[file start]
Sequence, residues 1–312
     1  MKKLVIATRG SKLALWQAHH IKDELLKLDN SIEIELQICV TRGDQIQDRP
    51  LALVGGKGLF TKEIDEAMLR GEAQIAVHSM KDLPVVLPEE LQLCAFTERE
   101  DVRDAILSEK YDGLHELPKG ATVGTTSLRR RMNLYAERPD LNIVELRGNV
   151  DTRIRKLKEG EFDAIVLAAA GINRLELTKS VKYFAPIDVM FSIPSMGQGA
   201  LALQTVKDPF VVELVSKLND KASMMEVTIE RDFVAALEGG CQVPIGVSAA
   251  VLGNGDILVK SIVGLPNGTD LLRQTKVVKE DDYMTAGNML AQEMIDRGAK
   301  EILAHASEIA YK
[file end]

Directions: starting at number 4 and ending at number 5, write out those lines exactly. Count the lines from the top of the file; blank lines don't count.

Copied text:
   101  DVRDAILSEK YDGLHELPKG ATVGTTSLRR RMNLYAERPD LNIVELRGNV
   151  DTRIRKLKEG EFDAIVLAAA GINRLELTKS VKYFAPIDVM FSIPSMGQGA